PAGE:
BLOOMINGTON — Five-year-old Faith Shepherd pushed her walker up to home plate at G.E. Park, hit a pitched ball and, with the help of a volunteer “Angel in the Outfield,” trotted to first base.
After three more hits by her fellow “Cubs” players Friday afternoon, Faith crossed home plate again, scoring her first run.
“She was so excited (about the game),” said her mother, Candice Shepherd of Bloomington. “Last week after practice, it’s all she talked about. This is another step to being independent and doing what her (twin) brother does.”
The same was true for most, if not all, of the 18 ballplayers playing in the first game of the first season of the Miracle League of Central Illinois.
The Miracle League, a national baseball program, typically serves 4- to 18-year-old girls and boys with disabilities. The Central Illinois league, founded by Twin City businessman Bill Wright, has no age restrictions.
Wright’s 40-year-old daughter, Amy, who is autistic, also plays in the league, which currently consists of two teams: the Cubs and the Cardinals.
“She’s my inspiration,” said Wright.
In his quest to find work for his daughter, he first started a small vending operation with Marcfirst. In a search for other activities, he learned about the Miracle League.
“We felt there was a need here,” he said. “There’s nothing for these kids. Baseball is a wonderful opportunity to gain self-esteem.”
Candice Shepherd agreed.
“This is a great opportunity. She (Faith) couldn’t play on a regular team,” she said. “She’s old enough now to realize her brother can do things she can’t.”
Faith was born with short thigh bones and was missing the ball and socket in both hips. After being told by several doctors and hospitals that nothing could be done, Candice and Nate Shepherd finally found one doctor who performed surgery so that Faith’s once bent-to-the-chest legs could be straight.
She now can walk with the help of a walker or crutches.
While it took extra effort for Faith to push her walker through the dirt on the field, Candice Shepherd said “she’ll fly” when the league builds a special, smooth field.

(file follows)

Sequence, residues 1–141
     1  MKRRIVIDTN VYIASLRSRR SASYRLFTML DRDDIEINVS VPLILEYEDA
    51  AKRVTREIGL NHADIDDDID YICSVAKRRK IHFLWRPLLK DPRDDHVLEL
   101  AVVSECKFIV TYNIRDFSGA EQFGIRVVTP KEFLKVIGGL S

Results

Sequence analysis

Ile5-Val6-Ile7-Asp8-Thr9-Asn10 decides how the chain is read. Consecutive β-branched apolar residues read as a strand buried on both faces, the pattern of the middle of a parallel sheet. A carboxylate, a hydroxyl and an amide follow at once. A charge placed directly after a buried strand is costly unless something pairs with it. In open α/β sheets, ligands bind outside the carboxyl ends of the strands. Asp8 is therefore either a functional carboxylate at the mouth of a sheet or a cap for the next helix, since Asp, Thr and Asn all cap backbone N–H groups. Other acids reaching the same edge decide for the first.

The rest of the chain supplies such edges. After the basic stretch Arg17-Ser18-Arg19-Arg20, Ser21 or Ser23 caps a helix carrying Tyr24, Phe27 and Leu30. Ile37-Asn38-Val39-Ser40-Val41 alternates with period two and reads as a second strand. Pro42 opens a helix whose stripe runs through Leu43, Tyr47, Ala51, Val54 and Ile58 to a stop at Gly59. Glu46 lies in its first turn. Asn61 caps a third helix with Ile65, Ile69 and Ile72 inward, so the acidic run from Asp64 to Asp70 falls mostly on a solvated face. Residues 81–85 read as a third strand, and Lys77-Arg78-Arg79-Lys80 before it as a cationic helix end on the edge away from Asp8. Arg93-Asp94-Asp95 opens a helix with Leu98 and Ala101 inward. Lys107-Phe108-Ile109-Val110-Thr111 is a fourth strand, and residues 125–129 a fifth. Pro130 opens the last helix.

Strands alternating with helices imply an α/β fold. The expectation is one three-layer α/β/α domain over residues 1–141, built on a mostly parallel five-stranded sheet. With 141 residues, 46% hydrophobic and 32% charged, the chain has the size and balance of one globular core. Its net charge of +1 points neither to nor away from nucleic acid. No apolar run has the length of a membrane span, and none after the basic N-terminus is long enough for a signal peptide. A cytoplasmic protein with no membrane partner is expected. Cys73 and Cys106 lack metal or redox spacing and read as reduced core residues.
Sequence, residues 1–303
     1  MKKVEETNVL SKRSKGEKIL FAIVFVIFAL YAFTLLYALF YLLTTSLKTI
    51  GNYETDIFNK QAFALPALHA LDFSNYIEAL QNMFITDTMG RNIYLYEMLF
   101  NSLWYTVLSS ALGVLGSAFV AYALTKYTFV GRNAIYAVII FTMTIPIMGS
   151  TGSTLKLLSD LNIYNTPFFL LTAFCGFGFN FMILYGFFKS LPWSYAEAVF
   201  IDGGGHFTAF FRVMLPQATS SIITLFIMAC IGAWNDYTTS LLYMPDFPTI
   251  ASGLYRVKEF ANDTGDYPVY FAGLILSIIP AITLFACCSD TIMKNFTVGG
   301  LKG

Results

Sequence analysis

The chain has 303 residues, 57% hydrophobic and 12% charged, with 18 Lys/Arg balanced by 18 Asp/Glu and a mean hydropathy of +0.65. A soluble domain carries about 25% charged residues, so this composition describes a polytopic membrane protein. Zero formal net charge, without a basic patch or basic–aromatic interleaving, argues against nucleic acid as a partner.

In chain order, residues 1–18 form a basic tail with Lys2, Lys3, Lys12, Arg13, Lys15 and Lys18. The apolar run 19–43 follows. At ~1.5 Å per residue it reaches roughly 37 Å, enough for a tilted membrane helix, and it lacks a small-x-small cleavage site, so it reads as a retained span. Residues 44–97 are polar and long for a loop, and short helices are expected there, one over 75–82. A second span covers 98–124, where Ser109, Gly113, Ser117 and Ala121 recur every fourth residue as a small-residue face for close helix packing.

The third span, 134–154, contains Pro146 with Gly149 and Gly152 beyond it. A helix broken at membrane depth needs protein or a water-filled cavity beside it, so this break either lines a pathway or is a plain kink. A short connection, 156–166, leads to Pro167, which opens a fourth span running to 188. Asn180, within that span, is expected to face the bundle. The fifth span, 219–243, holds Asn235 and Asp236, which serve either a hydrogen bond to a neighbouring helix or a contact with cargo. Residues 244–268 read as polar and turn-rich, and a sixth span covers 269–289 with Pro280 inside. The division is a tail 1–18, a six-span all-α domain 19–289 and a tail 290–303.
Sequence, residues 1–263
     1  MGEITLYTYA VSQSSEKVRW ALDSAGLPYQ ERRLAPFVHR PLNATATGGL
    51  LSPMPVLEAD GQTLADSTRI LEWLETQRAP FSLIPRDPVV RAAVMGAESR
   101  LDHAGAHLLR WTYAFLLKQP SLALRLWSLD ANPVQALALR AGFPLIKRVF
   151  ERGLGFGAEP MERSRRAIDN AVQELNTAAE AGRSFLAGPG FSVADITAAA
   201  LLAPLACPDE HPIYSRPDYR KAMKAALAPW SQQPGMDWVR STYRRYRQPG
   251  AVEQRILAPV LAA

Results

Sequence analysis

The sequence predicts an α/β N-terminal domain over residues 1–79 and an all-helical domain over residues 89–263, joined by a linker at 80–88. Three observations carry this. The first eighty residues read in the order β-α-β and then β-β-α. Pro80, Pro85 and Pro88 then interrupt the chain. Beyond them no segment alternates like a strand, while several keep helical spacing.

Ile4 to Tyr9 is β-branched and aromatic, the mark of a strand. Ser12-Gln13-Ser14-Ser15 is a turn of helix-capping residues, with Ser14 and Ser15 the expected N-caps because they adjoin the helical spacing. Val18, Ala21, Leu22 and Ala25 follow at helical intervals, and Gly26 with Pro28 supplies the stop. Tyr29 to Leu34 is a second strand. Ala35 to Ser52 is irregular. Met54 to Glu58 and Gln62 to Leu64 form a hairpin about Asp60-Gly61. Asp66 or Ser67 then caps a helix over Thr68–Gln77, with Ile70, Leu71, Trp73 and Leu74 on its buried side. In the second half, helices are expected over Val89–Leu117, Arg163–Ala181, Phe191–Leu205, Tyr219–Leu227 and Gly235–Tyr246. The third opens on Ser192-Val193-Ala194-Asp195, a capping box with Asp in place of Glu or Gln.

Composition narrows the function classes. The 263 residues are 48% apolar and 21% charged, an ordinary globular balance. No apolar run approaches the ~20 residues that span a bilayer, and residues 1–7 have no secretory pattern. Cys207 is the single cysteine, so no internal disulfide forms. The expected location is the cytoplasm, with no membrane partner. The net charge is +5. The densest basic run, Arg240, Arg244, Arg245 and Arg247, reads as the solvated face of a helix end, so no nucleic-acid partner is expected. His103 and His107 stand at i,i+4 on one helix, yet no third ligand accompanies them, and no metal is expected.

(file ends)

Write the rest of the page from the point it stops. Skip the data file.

Wright hopes that field — on land by the Heartland Community College soccer field in northwest Normal — can be done for next season. The league recently spent $16,000 to have a water main installed for restroom facilities.
You have free articles remaining.
It needs to raise $750,000 for the special rubberized field.
In the meantime, players including Jamie Fox, Kurt Kinley, Cody Griffin, and twins Luke and Brett Hanson use the G.E. field for each of their two-inning games.
Jamie, 10, has a muscle disorder that paralyzed his right side.
“This is an opportunity he’s never had,” his mother, Michelle Fox of Normal said of the baseball league. “He’s been very excited.”
While Kurt Kinley played in parks and recreation sports when he was younger, they became too complex as he grew older, said his mother, Michele Kinley of Normal. Kurt, 9, has Down syndrome.
“All this interaction with his buddies and the volunteers is huge,” she said. “He asks every day if it’s baseball day.”
Luke and Brett Hanson were the first and second up to bat for the Cubs.
“I hit it hard,” said the 9-year-old Luke, who has a disease that causes cognitive delays. “I ran fast.”
“It’s fantastic,” his dad, Greg, said of the league.
The league also is a perfect fit for Cody, said his parents, Rocky and Sallie Griffin of Bloomington. Cody has physical and cognitive impairments and wasn’t able to play in other organized sports once he got past T-ball because they were too dangerous, said Sallie Griffin.
“He’s happy now,” said Rocky Griffin.
“It felt good,” said Cody after rounding the bases.
On the Web
Pitch in – For more information on the league, including how to donate, volunteer or participate, go to: www.miracleleagueci.com